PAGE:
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Old 01-11-17, 01:44 PM
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In my experience rollers wear the tire about the same as riding on the road, maybe less. Trainers seem to wear the tires more quickly than the road or rollers.
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Old 01-11-17, 02:11 PM
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I've been wondering about this too as I consider throwing the bike on the rollers. Motivation to get that other wheelset built with a set of junk tires for rolling... See this is what being a C&V bike nut does...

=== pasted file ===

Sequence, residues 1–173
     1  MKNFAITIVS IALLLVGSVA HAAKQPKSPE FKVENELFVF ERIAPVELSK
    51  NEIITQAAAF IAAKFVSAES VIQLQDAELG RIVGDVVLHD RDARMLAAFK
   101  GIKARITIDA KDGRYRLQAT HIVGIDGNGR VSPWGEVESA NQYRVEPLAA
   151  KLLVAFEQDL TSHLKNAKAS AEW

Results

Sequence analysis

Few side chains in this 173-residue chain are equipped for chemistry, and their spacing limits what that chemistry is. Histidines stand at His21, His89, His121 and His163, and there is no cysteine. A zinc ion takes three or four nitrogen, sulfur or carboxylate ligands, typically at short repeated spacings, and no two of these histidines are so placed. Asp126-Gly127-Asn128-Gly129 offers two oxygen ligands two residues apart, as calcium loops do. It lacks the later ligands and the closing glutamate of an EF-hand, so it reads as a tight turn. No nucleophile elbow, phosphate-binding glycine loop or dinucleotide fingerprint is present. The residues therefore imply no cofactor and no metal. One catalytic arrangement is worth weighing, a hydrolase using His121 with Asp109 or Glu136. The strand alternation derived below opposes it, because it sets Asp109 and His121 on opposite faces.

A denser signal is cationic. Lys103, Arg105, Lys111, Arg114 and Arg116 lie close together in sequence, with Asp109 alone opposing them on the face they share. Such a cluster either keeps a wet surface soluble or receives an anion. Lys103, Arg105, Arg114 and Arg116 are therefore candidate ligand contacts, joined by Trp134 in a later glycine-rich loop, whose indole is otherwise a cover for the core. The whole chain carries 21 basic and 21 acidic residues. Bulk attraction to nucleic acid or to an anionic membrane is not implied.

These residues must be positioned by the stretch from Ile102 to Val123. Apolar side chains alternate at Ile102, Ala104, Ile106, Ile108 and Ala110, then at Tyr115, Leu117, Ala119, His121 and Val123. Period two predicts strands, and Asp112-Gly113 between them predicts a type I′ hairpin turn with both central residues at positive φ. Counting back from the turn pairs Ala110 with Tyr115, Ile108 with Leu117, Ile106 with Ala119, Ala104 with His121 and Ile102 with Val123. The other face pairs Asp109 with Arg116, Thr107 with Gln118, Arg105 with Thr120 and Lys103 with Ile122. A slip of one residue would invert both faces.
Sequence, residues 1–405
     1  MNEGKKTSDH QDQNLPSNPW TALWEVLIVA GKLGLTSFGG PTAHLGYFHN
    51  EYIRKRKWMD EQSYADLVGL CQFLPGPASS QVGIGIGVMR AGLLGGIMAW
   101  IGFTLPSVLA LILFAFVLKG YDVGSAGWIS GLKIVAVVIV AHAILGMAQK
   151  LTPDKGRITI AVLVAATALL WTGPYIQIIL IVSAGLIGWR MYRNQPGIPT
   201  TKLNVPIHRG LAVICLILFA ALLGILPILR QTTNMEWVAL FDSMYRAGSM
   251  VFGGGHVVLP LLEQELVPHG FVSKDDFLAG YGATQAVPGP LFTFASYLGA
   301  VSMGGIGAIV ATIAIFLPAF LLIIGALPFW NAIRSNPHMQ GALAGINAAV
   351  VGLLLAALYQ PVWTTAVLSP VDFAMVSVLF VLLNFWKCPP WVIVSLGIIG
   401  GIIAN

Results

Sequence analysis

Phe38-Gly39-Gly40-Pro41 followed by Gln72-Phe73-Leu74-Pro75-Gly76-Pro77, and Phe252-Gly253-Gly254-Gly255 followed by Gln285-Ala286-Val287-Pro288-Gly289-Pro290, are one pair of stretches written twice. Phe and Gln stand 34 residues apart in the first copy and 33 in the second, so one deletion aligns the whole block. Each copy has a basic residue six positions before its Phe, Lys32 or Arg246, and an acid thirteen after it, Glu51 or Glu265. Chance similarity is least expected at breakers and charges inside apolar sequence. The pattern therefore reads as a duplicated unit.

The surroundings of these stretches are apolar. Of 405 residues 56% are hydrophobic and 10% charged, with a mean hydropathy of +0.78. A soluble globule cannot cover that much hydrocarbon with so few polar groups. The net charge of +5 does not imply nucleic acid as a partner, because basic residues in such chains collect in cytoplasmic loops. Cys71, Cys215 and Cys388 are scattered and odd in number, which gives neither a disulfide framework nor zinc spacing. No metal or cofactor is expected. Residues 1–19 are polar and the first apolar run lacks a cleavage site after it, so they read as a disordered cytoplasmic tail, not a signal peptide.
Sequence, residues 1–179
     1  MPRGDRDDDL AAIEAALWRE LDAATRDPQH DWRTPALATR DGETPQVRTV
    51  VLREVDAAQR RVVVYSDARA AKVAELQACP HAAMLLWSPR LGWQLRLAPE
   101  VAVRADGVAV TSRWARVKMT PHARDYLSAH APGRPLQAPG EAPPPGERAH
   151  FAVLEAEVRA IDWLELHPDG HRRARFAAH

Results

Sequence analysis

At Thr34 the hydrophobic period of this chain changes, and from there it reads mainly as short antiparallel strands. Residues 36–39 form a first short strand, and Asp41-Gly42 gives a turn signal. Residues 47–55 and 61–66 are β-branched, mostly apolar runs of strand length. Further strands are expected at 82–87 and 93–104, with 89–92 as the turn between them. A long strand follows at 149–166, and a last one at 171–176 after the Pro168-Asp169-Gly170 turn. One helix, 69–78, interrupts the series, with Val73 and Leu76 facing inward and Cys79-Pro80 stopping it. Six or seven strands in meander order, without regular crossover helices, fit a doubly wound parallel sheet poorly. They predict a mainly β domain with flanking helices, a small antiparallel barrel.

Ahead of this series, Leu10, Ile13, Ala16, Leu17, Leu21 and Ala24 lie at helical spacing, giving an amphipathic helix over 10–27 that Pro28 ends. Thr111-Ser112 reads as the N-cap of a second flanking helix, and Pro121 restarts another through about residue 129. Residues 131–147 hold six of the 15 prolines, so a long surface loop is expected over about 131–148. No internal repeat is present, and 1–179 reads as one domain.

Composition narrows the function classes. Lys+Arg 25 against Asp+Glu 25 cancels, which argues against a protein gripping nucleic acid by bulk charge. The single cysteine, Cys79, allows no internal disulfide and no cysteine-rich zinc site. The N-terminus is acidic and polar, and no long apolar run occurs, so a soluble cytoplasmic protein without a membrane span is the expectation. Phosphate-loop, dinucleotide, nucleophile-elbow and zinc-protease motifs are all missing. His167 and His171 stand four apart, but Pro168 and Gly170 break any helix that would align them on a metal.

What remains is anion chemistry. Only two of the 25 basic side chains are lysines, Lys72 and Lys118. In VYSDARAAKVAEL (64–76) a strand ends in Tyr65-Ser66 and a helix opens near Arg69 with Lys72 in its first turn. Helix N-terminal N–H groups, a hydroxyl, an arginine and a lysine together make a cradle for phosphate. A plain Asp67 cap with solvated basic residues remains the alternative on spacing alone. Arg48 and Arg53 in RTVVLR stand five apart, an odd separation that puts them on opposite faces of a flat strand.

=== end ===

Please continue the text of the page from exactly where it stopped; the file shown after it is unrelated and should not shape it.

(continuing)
1. I Think: "I should use my rollers"
2. Leads to: "hmmm will it harm my tires?"
3. and then: :Better spend precious time I could be exercising building new wheels!"
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Old 01-11-17, 02:12 PM
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Agree rollers should be nicer to tires than trainers, which run hot because the tire is always in the same spot. .
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Old 01-11-17, 04:20 PM
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Originally Posted by jonwvara
Well, presumably tires leave some rubber dust on the road, too, although it doesn't pile up where you can see it.
Originally Posted by Salamandrine
I just noticed that some currently available rollers are much smaller in diameter than the old ones I used to ride, ie., State Aluminum or Kreitler. It would not surprise me if these little itsy bitsy rollers are hard on tires.